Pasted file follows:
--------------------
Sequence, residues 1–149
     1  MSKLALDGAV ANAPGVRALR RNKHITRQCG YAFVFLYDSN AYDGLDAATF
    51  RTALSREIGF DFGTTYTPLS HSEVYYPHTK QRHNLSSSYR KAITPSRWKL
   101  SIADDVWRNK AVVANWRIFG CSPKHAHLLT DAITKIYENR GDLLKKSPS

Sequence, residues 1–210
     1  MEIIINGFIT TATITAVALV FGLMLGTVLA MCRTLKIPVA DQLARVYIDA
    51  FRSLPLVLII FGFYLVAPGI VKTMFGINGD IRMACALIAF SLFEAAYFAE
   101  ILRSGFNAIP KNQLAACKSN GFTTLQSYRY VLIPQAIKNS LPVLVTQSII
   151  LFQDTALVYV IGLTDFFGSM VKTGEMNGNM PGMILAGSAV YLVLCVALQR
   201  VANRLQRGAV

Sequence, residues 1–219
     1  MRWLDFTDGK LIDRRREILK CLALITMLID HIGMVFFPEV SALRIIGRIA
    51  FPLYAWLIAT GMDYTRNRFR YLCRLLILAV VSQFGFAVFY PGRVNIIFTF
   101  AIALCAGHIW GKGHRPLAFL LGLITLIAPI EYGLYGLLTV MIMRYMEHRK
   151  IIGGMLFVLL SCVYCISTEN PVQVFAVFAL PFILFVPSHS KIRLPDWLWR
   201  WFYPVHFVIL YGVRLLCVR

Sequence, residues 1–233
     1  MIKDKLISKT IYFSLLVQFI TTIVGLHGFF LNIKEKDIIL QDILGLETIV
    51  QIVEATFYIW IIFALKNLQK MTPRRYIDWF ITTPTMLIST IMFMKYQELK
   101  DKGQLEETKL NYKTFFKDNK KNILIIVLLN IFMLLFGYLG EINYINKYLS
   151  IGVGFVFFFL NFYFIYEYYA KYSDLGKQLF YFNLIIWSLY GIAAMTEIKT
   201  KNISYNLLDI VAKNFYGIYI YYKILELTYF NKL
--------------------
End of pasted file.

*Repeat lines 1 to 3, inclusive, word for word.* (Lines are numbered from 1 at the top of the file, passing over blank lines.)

Sequence, residues 1–149
     1  MSKLALDGAV ANAPGVRALR RNKHITRQCG YAFVFLYDSN AYDGLDAATF
    51  RTALSREIGF DFGTTYTPLS HSEVYYPHTK QRHNLSSSYR KAITPSRWKL